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Great Ocean Road

I usually try to come up with some cool headings like “Lovely Los Angeles” or “Wonderful Wanaka”, but this time I struggled coming up with any. And that just made me think; I really don’t need one this time. Because the Great Ocean Road simply is a great ocean road.

So, what’s actually a great ocean road like then? In this case it starts an hour west of Melbourne and stretches along the Tasman Sea coastline for 243 kilometers. I didn’t go the last 40 since they are said to be less scenic. However, the 200 km’s I did go were just amazing. There are so many stops if you like along this road, so you have to be a little selective. Loads of small beach towns with fantastic beaches and also a lot of long wild beaches. The road is pretty much winding all the time, going like an S along the coast often offering amazing sceneries in both directions.

I had a few stops on the way, for example in an area where you can see wild koalas if you hike a little – which I did and I saw 4 of them and they sure look adorable. I say look, because they are actually not as nice as they look, they are pretty wild and aggressive. The ones you can hold in different parks and zoos are brought up by humans so that’s not a real behavior. The final destination and reward for driving 200 k’s is the Twelve Apostles. A coastal area with 8 rocks standing up in the ocean next to a scenic coastline (they used to be 12 but rough weather has taken some of them down). A really rewarding and epic place if you like nature – and Chinese people. The first night I slept in a cosy beach town called Port Campbell, really small and nice.

The second day I started driving back towards Melbourne but stopped in an other small beach town called Lorne, which was so nice I decided to stay the night there. Or, actually in the car along the road somewhere outside of Lorne. After sleeping 18 days in the car in New Zealand, sometimes with only 3-4 degrees outside, it was no match sleeping here with 15 degrees in the middle of the night.

Roadtripping, as mentioned in earlier blogposts, is one of my favorite ways to travel. The freedom to stop for a leg-stretch, coffee, ice cream, swim or even a whole night is exactly what I like. Some birds are not meant to be caged. I’v. been lucky driving some really scenic and nice ones like the Pacific Coast Highway in California, Overseas Highway in Florida, Icefields Parkway in Canada, the Cape of Good Hope in South Africa, in the European Alps, in western Australia and, of course, the most scenic country of them all; Norway. But I must say the Great Ocean Road for sure are one of the better ones, especially if you are in a summer and beach mode. The PCH in California is perhaps my favorite, since it’s more dramatic, but being number two is not bad, not at all.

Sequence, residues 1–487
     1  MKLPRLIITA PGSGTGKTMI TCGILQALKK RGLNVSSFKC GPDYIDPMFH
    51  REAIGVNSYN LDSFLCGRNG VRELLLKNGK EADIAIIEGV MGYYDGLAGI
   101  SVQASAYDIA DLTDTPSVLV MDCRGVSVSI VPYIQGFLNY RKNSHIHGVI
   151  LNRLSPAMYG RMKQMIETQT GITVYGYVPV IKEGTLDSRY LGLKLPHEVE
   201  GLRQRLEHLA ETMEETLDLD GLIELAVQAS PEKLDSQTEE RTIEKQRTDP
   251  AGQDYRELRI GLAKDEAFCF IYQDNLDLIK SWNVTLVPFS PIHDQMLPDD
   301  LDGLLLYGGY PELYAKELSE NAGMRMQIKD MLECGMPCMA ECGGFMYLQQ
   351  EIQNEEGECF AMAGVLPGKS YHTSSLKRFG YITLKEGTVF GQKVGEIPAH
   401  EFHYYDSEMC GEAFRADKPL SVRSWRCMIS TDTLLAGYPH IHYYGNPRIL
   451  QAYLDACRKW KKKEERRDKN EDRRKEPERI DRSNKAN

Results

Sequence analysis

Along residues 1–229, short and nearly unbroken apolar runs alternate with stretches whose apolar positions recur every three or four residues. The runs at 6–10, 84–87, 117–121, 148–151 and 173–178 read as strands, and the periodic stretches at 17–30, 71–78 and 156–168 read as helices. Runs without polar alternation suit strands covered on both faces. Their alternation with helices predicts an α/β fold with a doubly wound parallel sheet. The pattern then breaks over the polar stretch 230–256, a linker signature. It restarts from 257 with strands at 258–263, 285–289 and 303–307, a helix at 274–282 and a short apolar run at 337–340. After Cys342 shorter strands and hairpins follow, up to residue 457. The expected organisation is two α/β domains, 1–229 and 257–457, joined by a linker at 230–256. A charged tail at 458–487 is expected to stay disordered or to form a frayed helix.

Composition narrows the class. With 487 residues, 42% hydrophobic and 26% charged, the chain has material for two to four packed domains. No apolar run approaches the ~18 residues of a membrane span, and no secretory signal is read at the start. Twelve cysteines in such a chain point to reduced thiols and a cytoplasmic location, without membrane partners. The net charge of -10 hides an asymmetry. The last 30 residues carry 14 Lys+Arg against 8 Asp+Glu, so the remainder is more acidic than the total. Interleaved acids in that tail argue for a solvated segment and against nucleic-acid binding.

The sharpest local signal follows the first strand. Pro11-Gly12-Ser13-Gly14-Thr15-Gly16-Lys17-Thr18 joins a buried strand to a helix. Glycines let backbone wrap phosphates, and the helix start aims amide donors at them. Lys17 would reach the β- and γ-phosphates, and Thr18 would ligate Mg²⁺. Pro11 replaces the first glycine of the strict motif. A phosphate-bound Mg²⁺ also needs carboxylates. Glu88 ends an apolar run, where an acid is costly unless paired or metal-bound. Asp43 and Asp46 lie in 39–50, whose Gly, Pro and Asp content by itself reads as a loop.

Next up is a place I’ve been before and really like. I’m really looking forward to spend a little more time there and as aa clue to where I’m going next, I can say that it’s one of the most beautiful cities in the world – any idea?

The Europe of Australia – Melbourne

On the bus from the airport to the city centre, I was talking to a Melbourne local – originally from Pakistan. He told me: «Sydney is like America, Melbourne is like Europe.» I asked him if he ever had been to Europe and America, he said no. Though, the rumors seem to be true. I’ve been to Sydney before and it’s somewhat like a hybrid between New York, Florida and California. Now, after 2 days in Melbourne, I can agree on that it’s somewhat like Europe – but perhaps even a little nicer. Like a mix of Europe of Australia, sounds like the best of two worlds.

In 2016, for the 6th year in a row, Melbourne won the title «the world’s most livable city» in the annual «Global Livability Ranking» which is a survey done by the Economist: read more about it here. That’s pretty impressing! This measures quality of life in terms such as stability, healthcare, culture, environment, education and infrastructure.  Spending two days here, with perfect weather, it’s a little hard for me to have any thoughts on this – but I must say I really liked the city and it was beautiful, clean, had decent beaches and parks and over-all I got a good vibe. I really enjoyed it and especially coming from Auckland in New Zealand which in the annual Johan Travels the World survey over the biggest asshole-cities on planet earth, won by far in 2016 – with La Paz in Bolivia as number two.

When it comes to all these surveys (except mine just mentioned) it’s a little important to diverse from being a resident there and visit as a traveller. As a traveller you might want things like really good beaches, cosy streets to wander, good climate and lots of the thins you crave when booking a holiday. These things are of course also of great pleasure for the residents living there, but they probably appreciate things like healthcare, education and infrastructure a lot more since that’s part of their everyday life. So I recommend all my readers to keep that in mind. Melbourne was indeed nice, but there are nicer cities to visit. For me that would be for example Cape Town, Los Angeles, Rio de Janeiro, Vancouver, San Diego, Barcelona and Sydney.

For me, it’s always nice to visit the big fancy cities for a couple of days – but that’s enough. Those big +5 million cities are usually a little too big for a simple boy from the country side. It sure is nice to wander the cities and enjoy the architecture, beaches, weather and vibe but after a couple of days I really crave some adventure, nature and smaller places. So, being said that I very much enjoyed my stay in Melbourne I also really look forward to the next litte adventure: to roadtrip the Great Ocean Road.

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